The Detroit Red Wings see power forward potential in Evgeny Svechnikov, especially as he figures out how to be a little softer on himself.
Like fellow first-round pick Dylan Larkin, Svechnikov is an incredibly driven player, someone who holds himself accountable every shift. As the Wings enter the last month of the season, the Wings want Svechnikov use his audition to show where he belongs in their rebuild.
“We hope he develops into a real strong power forward that can add offensive punch,” coach Jeff Blashill said after Thursday’s morning skate. “He’s a big, thick body who’s hard on the puck, who’s strong on the puck, who has a good skill set.
“When he first came into pros, my take on him was he was real interested in making great plays instead of necessarily what it takes to score a goal. It was a lot about pretty plays. Almost the opposite of Tyler Bertuzzi. Over time he’s learned how to use that skill in a more efficient manner, in that it’s not necessarily how pretty the play is, it’s how effective the play is. As he learns that, he hopefully will become a real good power forward.”
Svechnikov, 21, was called up to offset the loss of veteran center Frans Nielsen, who is out at least through the weekend with an upper-body injury. Svechnikov was pencilled in to start the evening game against Vegas on a line with Andreas Athanasiou at center and Justin Abdelkader on the other wing.
“I played with him at the of last year,” Abdelkader said. “He’s really strong, good skater, strong on the puck. He has a good combination and I’m excited for him to get the opportunity.”
The Wings drafted Svechnikov at 19th overall in 2015. He had a great first year in Grand Rapids last season, reaching 20 goals and 51 points and then helping the Griffins to the Calder Cup championship. The Wings expected him to push for a spot in Detroit last fall, but an injury derailed that plan.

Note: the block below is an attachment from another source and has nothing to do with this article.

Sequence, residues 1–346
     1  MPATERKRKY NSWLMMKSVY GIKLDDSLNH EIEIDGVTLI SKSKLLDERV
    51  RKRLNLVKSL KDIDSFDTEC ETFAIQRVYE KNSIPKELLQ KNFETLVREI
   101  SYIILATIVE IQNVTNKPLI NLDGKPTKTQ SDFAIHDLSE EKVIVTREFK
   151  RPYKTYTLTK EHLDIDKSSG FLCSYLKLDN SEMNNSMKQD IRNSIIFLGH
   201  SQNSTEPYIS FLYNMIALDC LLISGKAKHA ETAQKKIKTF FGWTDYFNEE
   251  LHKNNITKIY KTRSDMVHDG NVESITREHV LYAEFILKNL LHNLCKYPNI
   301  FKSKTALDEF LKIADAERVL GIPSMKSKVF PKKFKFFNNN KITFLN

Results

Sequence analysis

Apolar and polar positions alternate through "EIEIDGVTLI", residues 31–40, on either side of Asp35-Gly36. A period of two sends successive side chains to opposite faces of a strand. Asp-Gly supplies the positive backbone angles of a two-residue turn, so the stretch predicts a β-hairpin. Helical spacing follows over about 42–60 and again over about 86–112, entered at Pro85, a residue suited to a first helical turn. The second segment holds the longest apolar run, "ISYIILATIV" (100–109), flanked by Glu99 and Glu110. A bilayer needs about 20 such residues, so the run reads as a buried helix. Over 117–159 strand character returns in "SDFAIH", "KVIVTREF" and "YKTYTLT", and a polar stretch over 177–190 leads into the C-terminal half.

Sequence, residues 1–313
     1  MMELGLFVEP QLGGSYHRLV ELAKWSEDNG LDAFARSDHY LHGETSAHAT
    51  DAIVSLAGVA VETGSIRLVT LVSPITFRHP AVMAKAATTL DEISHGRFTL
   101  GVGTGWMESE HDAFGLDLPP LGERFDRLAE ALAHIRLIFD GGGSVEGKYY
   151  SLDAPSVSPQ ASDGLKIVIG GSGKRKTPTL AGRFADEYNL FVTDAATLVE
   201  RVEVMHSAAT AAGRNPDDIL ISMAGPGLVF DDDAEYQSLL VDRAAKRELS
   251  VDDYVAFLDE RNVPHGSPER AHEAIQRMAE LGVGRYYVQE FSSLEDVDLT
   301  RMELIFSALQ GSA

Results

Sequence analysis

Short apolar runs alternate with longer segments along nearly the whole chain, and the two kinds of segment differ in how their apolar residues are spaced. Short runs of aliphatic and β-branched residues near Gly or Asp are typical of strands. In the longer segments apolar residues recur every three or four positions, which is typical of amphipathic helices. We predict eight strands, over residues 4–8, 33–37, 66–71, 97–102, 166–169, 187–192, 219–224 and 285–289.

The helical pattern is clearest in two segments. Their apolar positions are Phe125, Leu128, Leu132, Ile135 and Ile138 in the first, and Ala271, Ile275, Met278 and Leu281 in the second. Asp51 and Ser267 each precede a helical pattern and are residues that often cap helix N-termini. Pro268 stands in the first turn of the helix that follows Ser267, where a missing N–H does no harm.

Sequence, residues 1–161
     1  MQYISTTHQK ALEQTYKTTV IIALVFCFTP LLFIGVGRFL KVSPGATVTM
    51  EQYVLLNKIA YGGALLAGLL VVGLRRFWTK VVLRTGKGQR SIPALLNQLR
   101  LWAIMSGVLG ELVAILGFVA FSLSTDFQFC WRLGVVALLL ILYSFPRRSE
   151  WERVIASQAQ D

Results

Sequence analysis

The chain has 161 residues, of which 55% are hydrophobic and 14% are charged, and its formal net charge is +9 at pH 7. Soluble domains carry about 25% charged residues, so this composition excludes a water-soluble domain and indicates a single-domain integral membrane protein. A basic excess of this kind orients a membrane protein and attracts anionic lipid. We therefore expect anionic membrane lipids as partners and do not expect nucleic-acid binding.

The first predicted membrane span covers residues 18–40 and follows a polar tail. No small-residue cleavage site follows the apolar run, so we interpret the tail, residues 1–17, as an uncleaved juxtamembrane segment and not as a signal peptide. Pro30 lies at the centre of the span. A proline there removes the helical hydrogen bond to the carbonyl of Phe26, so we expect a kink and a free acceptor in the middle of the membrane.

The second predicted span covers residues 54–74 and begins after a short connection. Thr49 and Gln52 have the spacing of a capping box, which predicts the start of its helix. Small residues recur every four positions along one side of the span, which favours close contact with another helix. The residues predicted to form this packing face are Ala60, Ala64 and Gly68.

Then came a stretch with the Griffins that saw Svechnikov score only two goals the first two months. It was hard for Svechnikov to deal with such a slump.
“I just wasn’t good enough,” he said. “I was struggling with myself and was trying to find a way to get out from that time. I think it’s all right to go through it. I learned a lot.”
Talking with Griffins coach Todd Nelson helped.
“I think I was worried about struggling and I pressured myself,” Svechnikov said. “Then I let it go, tried to relax myself and don’t push myself and I started doing that and things started going my way.”
There are certain players who are so intent on succeeding it can have a negative effect. Martin Frk, for example, is someone Nelson talked to about slowing down mentally because his intensity at times overwhelmed his effectiveness. It’s finding a way to harness inner drive in a positive way, and it’s something the Wings have discussed with Svechnikov.
“He’s got an extremely great work ethic,” Blashill said. “Dylan, Marty Frk, guys like that that do it away from the ice, do it on the ice. There’s no question about his drive. He wants to be great. He’s extremely hard on himself. And that’s the balance that guys like that have - that self accountability is a great thing, but you have to balance it versus being too hard on yourself and letting things go, and I think that’s probably something - if you’re talking at the beginning of the year, when things weren’t going great, at times he’s probably too hard on himself. Hopefully it’s something he can keep getting better at as he matures.”
Svechnikov appeared relaxed at the morning skate. He explained why he was wearing no. 77 instead of the 37 he wore for two games with the Wings last season (basically the Wings want his NHL number to match up with his AHL number) and spoke of making his NHL season debut with eagerness.
“I feel a lot of emotion,” he said. “Full of energy. I just want to play my game. Be responsible defensively, be really good down low and be strong hanging onto the puck.”
The Wings plan to keep Svechnikov beyond when Nielsen returns, because Svechnikov factors into plans for next season’s roster.
“It’s a way better evaluation if you can look at somebody over the course of 10 games or 12 or eight than one,” Blashill said. “You should never judge a small sample size, you want as big a sample size as you can. For him it allows you not to have that fear that the next mistake, you are going to sent right back down and for us it gives us a bigger sample size in which to make a decision."